Memories of Dramatic Change
Oral History and Anthropology Among Seminole Indians in Florida
Anthropologist James Ellison writes about the changes Florida's largest Native American tribe has faced in the last three decades and explains the importance of the Seminole Oral History Project, a collaboration with historian Julian Pleasants that includes 250 interviews recorded over the last 30 years.
Florida's Seminole Indians were once known for craft sales and alligator wrestling at popular tourist attractions across south Florida. Today a more common image of Seminole Indians involves bingo halls and cigarette sales. While superficial, these images point to real changes with important consequences for members of Florida's largest Native American tribe.
In collaboration with Julian Pleasants, I am completing a project to assess the nature of these changes and their impacts on Seminoles' lives. With funding from the state of Florida's Bureau of Historic Preservation, we completed 50 oral history interviews with members of the Seminole Tribe of Florida and others associated with the tribe.
We spoke with political and religious leaders, teachers, tourism workers, cattle ranchers, agriculture experts, small business owners, health workers, and culture and language specialists. Interviewees included men and women, young adults and elders, and took place at people's homes and places of work. We sought people's reflections on changes to their daily lives, and they described the most dramatic changes in twentieth-century Seminole history.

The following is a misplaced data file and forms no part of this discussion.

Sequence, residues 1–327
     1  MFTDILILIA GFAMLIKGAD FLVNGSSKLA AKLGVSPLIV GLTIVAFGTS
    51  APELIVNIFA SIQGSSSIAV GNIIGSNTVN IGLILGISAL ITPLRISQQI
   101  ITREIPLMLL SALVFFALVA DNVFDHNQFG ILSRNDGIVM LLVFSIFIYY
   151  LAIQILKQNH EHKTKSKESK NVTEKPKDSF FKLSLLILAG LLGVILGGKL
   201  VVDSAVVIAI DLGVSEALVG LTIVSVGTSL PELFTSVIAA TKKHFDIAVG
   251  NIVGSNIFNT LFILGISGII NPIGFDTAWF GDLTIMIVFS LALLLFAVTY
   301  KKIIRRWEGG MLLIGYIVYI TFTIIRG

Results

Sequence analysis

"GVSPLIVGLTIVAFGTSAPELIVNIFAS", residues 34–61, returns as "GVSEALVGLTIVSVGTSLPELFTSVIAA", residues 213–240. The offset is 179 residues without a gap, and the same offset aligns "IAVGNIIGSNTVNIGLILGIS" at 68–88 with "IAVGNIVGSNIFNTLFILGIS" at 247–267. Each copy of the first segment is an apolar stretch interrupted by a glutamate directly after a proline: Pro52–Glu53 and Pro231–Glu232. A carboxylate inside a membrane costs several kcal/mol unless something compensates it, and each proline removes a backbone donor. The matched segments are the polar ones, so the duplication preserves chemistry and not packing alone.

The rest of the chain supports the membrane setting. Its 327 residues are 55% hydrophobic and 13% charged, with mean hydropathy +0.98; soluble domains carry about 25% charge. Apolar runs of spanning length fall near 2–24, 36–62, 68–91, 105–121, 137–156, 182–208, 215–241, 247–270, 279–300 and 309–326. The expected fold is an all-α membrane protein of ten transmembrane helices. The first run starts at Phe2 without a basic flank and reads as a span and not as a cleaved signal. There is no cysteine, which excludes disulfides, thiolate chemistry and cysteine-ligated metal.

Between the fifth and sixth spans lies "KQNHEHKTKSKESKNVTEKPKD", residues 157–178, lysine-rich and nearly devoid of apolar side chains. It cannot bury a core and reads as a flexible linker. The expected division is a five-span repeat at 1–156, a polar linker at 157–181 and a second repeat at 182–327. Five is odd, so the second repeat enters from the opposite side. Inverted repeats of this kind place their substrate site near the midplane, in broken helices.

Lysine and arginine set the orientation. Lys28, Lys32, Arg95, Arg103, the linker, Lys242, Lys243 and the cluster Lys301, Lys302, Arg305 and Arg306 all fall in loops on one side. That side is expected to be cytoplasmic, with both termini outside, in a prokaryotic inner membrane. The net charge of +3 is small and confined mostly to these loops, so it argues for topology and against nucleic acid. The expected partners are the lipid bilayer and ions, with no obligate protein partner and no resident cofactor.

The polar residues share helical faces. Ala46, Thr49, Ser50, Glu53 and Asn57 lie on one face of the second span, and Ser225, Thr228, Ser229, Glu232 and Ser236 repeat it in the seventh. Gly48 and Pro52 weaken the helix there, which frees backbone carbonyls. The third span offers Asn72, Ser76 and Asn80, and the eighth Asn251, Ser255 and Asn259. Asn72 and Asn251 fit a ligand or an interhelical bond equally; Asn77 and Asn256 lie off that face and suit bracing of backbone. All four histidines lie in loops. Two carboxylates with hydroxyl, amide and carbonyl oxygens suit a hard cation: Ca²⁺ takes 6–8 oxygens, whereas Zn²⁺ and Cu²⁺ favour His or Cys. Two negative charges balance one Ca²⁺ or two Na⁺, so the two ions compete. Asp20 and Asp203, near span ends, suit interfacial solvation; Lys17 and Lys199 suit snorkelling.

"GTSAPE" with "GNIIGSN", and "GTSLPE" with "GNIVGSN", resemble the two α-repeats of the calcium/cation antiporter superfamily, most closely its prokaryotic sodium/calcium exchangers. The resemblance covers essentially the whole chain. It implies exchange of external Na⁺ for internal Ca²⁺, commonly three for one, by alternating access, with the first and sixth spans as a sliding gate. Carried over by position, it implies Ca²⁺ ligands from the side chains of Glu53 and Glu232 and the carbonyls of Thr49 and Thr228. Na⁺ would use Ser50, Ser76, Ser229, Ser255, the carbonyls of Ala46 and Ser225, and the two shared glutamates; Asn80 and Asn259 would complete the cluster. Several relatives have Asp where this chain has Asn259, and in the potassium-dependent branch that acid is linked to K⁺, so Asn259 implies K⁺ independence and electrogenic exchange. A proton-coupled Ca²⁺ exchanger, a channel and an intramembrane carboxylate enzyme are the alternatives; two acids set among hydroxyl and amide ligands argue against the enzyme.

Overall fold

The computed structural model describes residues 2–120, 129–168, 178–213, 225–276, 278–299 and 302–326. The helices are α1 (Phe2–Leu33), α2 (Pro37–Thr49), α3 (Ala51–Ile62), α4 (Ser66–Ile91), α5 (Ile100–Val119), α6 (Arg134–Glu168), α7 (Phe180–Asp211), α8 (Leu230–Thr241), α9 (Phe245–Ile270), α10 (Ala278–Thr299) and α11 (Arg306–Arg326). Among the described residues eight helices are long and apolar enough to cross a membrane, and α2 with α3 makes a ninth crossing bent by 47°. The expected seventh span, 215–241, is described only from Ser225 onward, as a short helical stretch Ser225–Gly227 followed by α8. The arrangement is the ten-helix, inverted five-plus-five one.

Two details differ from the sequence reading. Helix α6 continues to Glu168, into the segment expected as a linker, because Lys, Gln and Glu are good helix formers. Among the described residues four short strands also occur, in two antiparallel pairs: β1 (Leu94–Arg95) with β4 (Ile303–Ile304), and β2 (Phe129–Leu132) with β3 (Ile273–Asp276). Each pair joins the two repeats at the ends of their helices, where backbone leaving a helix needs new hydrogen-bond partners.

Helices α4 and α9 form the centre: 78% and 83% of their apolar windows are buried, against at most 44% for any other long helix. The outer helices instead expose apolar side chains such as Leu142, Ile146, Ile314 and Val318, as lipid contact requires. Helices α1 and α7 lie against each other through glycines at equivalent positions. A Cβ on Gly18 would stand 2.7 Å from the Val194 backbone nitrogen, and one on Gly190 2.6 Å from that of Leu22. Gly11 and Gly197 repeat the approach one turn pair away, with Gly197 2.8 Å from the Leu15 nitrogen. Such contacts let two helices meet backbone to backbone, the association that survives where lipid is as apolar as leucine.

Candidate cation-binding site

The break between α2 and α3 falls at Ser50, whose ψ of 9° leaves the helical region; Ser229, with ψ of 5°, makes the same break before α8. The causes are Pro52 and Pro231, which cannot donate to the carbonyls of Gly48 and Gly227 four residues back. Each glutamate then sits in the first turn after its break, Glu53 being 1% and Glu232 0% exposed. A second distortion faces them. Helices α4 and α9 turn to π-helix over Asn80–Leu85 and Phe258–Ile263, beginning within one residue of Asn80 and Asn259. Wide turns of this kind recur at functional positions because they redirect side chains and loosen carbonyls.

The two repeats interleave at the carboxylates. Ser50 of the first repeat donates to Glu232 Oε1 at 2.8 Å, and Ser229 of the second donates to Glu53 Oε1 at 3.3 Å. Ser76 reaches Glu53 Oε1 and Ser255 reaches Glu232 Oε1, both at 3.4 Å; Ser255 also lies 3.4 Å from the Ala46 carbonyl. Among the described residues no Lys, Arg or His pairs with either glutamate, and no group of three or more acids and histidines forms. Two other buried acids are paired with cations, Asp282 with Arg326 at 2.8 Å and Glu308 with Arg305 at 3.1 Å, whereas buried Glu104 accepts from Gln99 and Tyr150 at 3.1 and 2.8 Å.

In order to understand these changes, we are analyzing these recent interviews in conjunction with 200 interviews with Seminole Indians from the 1970s, archived in the Proctor oral history collection. In some cases we were able to re-interview people who were recorded more than twenty years ago.
Young Seminoles today assume access to high quality education, health care, and economic opportunity, whereas in mid century their parents and grandparents faced poverty and underdevelopment, while racism characterized many interactions with non-Indians.
Mary Jene Coppedge, who works at the tribe's offices at Big Cypress reservation, recalled, "I remember going to La Belle with my grandparents and still picking up groceries at the back door because the Indian people were not allowed inside. I was probably six, seven, or eight at the time [in the early 1960s] and I still remember that. I thought it was normal."
With 1970s economic changes, Seminoles increasingly encouraged the young to pursue education, to learn to operate effectively in white society, and in turn to help the tribe. Joe Frank, who in the 1970s was the first Seminole to attend the University of Florida, discussed the changing views toward education.
"[T]he attitude on higher education has really opened up. I think there was some interest back in the early 1970s, but there just were not too many opportunities. Today there is quite a bit of opportunity for students to go [to school] and a lot of the parents out here now have at least a high school degree or GED.... I think that a lot more parents expect their kids to go, whereas back in the late 1960s and early 1970s the education level of the parents just was not there and they didn't really push."
Jim Shore, the tribe's general counsel and a tribe member who earned his law degree at Stetson, offered his opinion about the foundation of the new opportunities. "I think there are probably no two ways about it; gaming has gotten us to where we are. I think back to 1979-1980, when we first started the bingo hall here [in Hollywood, FL]. The one here was the first one of its kind across the whole country.... Gaming is what got us here."